D(x) B(x)
a !
E
k
:
The relevant matrix for ALP-photon oscillation is therefore real-symmetric with A(x)
Hence the general formalism developed above can be used directly.
However, for further convenience, we choose solutions of the form
a(x) = cos[ (x)]e i a(x);
Ek(x) = i sin[ (x)]e i E(x);
with (x), a(x) and E(x) real functions. The extra phase in (2.8) will simplify the initial
conditions for pure initial states. Thus the coupled system of di erential equations (2.7)
simpli es to
i
d
dr
a !
E
k
=
! +
a
M
M
! +
k
!
a !
E
k
;
d (x)
dx
d (x)
dx
+ i cot[ (x)]
i tan[ (x)]
{ 6 {
(2.6)
(2.7)
(2.8)
=
D(x) cos[ a(x)
E (x)];
= A(x)
D(x) tan[ (x)] sin[ a(x)
= B(x)
D(x) cot[ (x)] sin[ a(x)
E (x)];
E (x)]:
Again, the fact that both real parts lead to the same di erential equation con rms the
form (2.8) as expected from arguments about conservation of probability.
Since the focus is on the conversion probability and only the relative phase (x) =
a(x)
E (x) appears in the equations above, one gets to
d (x)
dx
further to
where (
1
) determines the initial state at the surface of the magnetar. To avoid singularities
for (
1
) = n =2 with n 2 Z, i.e. for pure initial states, the initial condition for
(
1
) must
satisfy
(
1
) = m
with m 2 Z. It is therefore possible to set
initial state4 and the ALP-photon conversion probability is simply Pa! (x) = sin2[ (x)].
(
1
) = 0 for a pure ALP
2.3
Implications for conversion probability
Unfortunately, (2.9) cannot be solved analytically for generic cases. Nevertheless, exact
solutions exist for some speci c cases. For example, in the no-mixing case, D(x) = 0 and
solutions to (2.9) are
(x) = (
1
);
(x) =
(
1
) +
dx0 [A(x0)
B(x0)];
(2.10)
over, there exist exact solutions to the evolution equations (2.9) in the case A(x) = B(x)
for
(
1
) = 0. Indeed, in this speci c case it is easy to see that
One can also write a general solution for (x) in terms of the functions D(x) and
(x) as
(x) = (
1
)
4This is possible thanks to the choice of solutions (2.8).
R1x dx0 jD(x0)j is bounded from above for all x
out that the case A(x) = B(x) in (2.11) saturates the upper bound (2.13) if D(x)
1. As a side note, it is interesting to point
Finally, the form of the evolution equations (2.9) leads to some qualitative
understanding for magnetars in the simple case of a dipolar eld B = B0(r0=r)3 for which
A(x)
B(x) = [ a
k(x)]r0 =
a
r0;
D(x) =
M r0 =
First, since for a magnetar D(x) ! 0 as x !
1, (x) is a constant independent of x for
x large as expected from (2.10), i.e. the conversion probability is a well-de ned quantity
with a
xed value far away from the magnetar. This behavior should occur on physical
ground since the magnetic eld decreases as the state propagates away from the magnetar,
leading to a vanishing mixing between ALPs and photons.
Moreover, from the upper bound (2.13) with a pure ALP initial state (
1
) = 0, the
conversion probability is constrained by
Pa! (x) = sin2[ (x)]
(sin2 R1x dx0 D(x0)
1
otherwise
if R1x dx0 D(x0) < 2 :
than P
= sin2(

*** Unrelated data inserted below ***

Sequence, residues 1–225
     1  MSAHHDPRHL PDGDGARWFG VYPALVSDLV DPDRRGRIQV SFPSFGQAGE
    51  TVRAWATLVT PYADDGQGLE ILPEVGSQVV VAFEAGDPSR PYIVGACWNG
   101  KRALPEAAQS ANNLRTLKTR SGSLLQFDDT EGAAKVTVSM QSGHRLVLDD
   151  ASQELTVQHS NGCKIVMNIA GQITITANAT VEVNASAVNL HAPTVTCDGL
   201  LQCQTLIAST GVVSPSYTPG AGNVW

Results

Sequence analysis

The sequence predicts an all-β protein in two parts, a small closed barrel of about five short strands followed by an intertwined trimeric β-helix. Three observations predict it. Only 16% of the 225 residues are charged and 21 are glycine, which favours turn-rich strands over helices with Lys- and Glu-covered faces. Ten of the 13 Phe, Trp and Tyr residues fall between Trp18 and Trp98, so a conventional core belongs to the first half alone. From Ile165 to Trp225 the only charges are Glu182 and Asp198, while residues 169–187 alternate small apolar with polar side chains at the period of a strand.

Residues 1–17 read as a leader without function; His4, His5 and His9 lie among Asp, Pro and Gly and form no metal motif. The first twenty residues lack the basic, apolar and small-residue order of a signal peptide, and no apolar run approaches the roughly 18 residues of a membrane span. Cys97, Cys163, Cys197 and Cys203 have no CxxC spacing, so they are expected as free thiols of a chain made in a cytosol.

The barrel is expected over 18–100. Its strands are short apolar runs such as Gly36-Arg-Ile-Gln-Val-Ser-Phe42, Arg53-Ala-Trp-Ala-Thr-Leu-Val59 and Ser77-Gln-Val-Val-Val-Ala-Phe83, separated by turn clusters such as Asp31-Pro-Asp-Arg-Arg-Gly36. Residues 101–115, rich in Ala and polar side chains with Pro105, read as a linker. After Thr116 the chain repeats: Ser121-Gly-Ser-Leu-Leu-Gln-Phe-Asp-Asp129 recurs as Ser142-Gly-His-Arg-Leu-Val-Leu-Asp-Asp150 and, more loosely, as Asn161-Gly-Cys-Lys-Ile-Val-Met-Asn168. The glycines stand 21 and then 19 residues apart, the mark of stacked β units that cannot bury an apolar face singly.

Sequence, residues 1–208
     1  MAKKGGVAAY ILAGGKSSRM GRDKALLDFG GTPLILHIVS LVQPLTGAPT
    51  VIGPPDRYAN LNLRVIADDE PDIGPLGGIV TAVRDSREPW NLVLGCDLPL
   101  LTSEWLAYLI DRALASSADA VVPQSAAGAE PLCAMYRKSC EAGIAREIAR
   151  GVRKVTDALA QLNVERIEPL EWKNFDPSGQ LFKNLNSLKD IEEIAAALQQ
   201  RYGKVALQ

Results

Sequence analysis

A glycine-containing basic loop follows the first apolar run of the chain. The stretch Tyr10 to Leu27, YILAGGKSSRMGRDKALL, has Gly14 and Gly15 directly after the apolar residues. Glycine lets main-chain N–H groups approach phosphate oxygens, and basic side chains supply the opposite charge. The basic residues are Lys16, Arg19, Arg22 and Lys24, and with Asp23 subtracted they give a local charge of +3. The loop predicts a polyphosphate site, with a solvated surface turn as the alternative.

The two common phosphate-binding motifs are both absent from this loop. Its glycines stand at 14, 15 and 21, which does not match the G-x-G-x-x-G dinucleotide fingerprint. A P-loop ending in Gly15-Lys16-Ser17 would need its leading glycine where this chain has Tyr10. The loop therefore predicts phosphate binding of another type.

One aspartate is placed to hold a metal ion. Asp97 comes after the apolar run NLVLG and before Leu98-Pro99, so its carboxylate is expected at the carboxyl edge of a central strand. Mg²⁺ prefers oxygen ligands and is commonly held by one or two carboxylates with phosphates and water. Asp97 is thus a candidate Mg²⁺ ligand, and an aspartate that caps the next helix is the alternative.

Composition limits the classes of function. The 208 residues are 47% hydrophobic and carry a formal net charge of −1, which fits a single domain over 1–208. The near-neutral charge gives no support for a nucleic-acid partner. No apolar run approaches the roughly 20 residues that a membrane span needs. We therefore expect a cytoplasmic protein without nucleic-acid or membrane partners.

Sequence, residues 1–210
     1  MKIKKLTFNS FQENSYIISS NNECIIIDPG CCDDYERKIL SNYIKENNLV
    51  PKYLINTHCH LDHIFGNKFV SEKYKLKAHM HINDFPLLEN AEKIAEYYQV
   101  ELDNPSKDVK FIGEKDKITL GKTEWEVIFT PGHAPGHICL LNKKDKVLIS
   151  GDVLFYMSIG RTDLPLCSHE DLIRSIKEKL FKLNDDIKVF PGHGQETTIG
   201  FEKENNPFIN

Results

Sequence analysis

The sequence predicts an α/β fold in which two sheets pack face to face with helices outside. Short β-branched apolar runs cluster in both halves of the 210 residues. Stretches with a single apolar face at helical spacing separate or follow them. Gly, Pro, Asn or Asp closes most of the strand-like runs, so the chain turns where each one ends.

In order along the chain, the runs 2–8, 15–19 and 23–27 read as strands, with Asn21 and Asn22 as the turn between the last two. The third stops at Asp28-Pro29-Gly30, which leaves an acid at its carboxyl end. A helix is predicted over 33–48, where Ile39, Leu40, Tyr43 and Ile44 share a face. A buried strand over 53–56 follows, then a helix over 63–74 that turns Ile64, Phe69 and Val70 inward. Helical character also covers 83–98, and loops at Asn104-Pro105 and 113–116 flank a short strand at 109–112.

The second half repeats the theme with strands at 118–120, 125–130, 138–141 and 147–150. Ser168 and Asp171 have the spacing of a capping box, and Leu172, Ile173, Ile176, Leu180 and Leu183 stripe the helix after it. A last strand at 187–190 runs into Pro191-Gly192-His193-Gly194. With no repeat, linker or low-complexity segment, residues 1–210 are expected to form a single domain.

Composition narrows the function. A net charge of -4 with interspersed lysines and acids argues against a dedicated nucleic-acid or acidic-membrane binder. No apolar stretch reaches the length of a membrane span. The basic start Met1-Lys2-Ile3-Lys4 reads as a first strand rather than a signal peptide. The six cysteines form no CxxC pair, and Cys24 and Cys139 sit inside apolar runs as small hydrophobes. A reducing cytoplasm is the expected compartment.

M0r0=2), i.e. Pa! (
1
)
Hence, for a magnetar the conversion probability for a pure ALP initial state is constrained
if R11 dx D(x) < 2 . In the simple case of a dipolar eld, the conversion probability is smaller
P , if
M0r0 <
. Unfortunately this bound
is not relevant here since
M0r0
1. Indeed, for sample values such as ! = 100 keV,
ma = 10 8 keV, g = 10 15 keV 1, r0 = 10 km, B0 = 20
three rather di erent pure numbers controlling the solutions to the evolution equations
given by
ar0
2:5
demonstrating that the analytic bound cannot be used in the following to constrain the
ALP parameter space.5
3
Results
In this section, the evolution equations (2.9) are solved numerically. First, the
dependence of the conversion probability on the ALP and magnetar parameters is shown for a
benchmark point in the hard X-ray range. Then, the conversion probability in the (ma; g)
plane is given for several values of !. The conversion probability and photon luminosity
depend on properties of the magnetar, like its radius and magnetic eld. We choose the
magnetic eld B0 = 20
radius r0 = 10 km as our benchmark values.6
1014 G corresponding to SGR 1806-20 and a typical magnetar
5Here the plasma contribution is negligible for stellar magnetic
elds and hard X-ray frequencies [48].
6Although the magnetic
eld is quite large, its position dependence is strong enough to ensure the
weak-dispersion limit can be used where the conversion occurs, which is far away from the magnetar.
{ 8 {
curve respectively) as a function of the dimensionless distance x from the magnetar surface for the
benchmark point ! = 100 keV, ma = 10 8 keV, g = 10 15 keV 1, r0 = 10 km, B0 = 20
Dependence of the conversion probability
For a magnetar in the simple case of a dipolar magnetic eld, the conversion probability
of a pure ALP initial state to a photon state, given by Pa!
depends on six di erent parameters. The ALP parameters are the ALP energy !, the
ALP mass ma and the ALP-photon coupling constant g. The magnetar parameters are the